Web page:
Responding to Russian Cyber-Provocations

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Most political leaders understand that governments that fail to respond to public provocations by foreign states do so at their own risk. In recent years, the U.S. and some of its allies (such as Australia, Estonia, Germany, Lithuania, and the U.K.) have been subjected to repeated, sophisticated, and costly cyber-attacks, emanating from Russia, China, Iran, and North Korea. These waves of attacks have become the “new normal.”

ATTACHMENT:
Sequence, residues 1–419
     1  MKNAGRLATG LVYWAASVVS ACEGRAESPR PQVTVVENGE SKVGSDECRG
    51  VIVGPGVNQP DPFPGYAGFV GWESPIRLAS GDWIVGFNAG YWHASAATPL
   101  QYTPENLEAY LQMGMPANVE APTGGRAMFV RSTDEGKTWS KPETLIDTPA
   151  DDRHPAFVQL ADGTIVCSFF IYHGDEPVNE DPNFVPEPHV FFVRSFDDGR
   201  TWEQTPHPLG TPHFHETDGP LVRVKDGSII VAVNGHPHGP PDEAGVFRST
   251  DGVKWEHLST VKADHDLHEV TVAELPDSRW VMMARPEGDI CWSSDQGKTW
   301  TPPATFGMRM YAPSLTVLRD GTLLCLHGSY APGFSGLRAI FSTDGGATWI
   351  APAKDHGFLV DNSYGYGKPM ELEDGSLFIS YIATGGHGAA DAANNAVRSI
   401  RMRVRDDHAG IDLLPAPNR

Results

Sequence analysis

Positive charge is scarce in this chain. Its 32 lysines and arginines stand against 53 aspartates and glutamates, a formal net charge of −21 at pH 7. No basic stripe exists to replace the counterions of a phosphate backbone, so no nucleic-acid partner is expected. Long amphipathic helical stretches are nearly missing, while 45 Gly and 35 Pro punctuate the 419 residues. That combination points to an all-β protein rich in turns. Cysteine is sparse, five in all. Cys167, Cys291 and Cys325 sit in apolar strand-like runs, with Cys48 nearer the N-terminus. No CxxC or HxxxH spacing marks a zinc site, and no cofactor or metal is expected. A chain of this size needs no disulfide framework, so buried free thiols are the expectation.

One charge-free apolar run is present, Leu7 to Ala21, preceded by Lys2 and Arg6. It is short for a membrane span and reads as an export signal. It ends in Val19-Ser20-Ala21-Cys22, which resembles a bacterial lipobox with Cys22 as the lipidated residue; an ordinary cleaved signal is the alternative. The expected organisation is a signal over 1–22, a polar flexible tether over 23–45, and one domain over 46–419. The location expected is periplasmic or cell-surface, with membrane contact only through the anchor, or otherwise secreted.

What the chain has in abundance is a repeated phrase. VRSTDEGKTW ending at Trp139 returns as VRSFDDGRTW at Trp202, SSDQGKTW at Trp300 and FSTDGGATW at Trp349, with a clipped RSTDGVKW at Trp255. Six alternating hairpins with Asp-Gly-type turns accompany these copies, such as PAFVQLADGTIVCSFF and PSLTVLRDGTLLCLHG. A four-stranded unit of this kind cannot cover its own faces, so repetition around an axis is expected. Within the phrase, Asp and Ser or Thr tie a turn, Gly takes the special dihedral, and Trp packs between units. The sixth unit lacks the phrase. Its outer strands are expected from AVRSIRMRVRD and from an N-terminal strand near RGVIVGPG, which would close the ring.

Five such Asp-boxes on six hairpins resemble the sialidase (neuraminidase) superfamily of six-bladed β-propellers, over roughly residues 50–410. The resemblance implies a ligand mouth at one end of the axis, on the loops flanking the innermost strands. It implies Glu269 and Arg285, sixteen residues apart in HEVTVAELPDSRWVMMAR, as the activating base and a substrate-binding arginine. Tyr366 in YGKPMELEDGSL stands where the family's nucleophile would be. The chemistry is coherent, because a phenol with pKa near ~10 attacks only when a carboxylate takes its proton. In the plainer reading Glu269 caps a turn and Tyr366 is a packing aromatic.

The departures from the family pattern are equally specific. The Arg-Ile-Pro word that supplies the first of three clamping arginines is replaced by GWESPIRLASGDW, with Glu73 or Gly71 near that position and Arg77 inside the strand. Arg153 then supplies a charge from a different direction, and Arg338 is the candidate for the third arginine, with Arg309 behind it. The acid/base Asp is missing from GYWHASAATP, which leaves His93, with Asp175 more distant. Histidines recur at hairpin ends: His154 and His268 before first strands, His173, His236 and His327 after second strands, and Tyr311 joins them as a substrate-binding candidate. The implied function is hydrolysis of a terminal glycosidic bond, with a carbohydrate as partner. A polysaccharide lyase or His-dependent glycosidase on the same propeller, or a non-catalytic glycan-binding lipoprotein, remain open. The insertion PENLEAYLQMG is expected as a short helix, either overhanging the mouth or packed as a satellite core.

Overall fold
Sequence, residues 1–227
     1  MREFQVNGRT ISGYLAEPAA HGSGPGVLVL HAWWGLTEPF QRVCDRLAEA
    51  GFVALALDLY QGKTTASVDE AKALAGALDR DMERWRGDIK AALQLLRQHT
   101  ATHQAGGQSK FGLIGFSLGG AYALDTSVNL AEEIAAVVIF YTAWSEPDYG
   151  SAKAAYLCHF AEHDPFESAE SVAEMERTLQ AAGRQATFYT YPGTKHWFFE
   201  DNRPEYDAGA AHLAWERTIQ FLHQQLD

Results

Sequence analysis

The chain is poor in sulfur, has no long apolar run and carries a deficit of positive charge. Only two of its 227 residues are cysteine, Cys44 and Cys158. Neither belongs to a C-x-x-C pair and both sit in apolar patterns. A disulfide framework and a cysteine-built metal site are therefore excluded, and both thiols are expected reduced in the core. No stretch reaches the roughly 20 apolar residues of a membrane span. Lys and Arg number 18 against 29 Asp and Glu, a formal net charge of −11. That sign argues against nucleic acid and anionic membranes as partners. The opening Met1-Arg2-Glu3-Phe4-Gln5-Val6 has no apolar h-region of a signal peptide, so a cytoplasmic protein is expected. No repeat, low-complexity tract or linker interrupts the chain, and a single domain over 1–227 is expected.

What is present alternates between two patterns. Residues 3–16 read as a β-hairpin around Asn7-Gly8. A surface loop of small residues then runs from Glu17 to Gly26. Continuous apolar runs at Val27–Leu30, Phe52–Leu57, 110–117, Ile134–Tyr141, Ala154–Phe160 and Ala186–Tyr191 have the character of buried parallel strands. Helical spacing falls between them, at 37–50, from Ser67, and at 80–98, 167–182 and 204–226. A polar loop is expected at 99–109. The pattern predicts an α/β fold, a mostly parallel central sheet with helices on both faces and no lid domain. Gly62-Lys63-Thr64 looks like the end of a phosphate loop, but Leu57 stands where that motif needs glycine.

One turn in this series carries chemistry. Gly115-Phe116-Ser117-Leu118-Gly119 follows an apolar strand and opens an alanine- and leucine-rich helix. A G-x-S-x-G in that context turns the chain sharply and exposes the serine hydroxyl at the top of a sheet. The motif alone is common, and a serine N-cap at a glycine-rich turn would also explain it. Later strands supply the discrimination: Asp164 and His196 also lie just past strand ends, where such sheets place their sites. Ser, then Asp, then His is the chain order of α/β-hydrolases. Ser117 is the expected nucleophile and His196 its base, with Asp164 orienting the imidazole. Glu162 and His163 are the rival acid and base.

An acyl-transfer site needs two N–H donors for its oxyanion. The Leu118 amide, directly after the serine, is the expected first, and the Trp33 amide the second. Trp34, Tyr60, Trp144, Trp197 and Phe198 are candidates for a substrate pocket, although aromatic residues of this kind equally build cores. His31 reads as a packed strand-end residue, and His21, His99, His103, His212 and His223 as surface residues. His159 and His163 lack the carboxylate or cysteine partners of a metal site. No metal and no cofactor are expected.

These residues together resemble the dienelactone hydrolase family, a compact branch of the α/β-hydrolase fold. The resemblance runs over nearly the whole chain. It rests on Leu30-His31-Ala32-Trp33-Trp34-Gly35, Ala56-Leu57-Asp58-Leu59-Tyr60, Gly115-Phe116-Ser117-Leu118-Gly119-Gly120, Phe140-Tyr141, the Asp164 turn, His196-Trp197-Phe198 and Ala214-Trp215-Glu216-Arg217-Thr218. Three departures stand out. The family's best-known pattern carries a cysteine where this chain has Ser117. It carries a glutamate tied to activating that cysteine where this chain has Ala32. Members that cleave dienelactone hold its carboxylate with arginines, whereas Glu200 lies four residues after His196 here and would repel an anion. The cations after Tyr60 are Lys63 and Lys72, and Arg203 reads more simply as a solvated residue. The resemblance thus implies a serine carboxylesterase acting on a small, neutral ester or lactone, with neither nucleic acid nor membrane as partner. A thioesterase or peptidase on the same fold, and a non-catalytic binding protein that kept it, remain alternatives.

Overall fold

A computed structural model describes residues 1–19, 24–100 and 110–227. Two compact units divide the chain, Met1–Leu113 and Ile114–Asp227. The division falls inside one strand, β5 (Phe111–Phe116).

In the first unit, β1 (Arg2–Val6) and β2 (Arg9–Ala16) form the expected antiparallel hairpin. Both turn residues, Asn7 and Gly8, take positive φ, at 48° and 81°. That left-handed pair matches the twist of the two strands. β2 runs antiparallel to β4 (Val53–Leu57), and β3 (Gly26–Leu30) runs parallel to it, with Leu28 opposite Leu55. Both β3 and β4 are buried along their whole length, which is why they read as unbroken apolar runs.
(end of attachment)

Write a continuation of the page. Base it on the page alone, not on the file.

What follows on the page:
It is difficult, if not impossible, to determine reliably the lines separating the actions of a state, its proxies, organized criminal groups, and its business sector. Cyber-attackers can, to some degree, engage in aggressive cyber-behavior while remaining anonymous. For example, Russian President Vladimir Putin and his coterie may engage multiple intermediaries so that the numerous degrees of separation between the Kremlin and the direct attackers cannot be traced.

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